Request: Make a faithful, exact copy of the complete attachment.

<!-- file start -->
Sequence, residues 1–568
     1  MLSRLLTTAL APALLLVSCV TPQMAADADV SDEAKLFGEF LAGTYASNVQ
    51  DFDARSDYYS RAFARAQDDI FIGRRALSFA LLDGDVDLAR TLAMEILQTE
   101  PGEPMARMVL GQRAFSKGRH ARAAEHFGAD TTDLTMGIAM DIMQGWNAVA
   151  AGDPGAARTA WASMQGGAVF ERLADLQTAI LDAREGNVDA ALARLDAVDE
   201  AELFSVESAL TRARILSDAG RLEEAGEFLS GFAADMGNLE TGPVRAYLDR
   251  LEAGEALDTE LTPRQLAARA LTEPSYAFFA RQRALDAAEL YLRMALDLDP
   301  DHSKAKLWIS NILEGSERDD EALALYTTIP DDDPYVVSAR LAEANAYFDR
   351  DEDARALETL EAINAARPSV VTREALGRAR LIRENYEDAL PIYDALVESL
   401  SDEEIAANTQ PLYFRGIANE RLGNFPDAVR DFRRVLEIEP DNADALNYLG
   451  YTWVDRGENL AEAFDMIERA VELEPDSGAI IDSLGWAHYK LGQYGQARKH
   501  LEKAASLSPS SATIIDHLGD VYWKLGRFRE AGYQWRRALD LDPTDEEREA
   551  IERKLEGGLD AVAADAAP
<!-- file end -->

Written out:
Sequence, residues 1–568
     1  MLSRLLTTAL APALLLVSCV TPQMAADADV SDEAKLFGEF LAGTYASNVQ
    51  DFDARSDYYS RAFARAQDDI FIGRRALSFA LLDGDVDLAR TLAMEILQTE
   101  PGEPMARMVL GQRAFSKGRH ARAAEHFGAD TTDLTMGIAM DIMQGWNAVA
   151  AGDPGAARTA WASMQGGAVF ERLADLQTAI LDAREGNVDA ALARLDAVDE
   201  AELFSVESAL TRARILSDAG RLEEAGEFLS GFAADMGNLE TGPVRAYLDR
   251  LEAGEALDTE LTPRQLAARA LTEPSYAFFA RQRALDAAEL YLRMALDLDP
   301  DHSKAKLWIS NILEGSERDD EALALYTTIP DDDPYVVSAR LAEANAYFDR
   351  DEDARALETL EAINAARPSV VTREALGRAR LIRENYEDAL PIYDALVESL
   401  SDEEIAANTQ PLYFRGIANE RLGNFPDAVR DFRRVLEIEP DNADALNYLG
   451  YTWVDRGENL AEAFDMIERA VELEPDSGAI IDSLGWAHYK LGQYGQARKH
   501  LEKAASLSPS SATIIDHLGD VYWKLGRFRE AGYQWRRALD LDPTDEEREA
   551  IERKLEGGLD AVAADAAP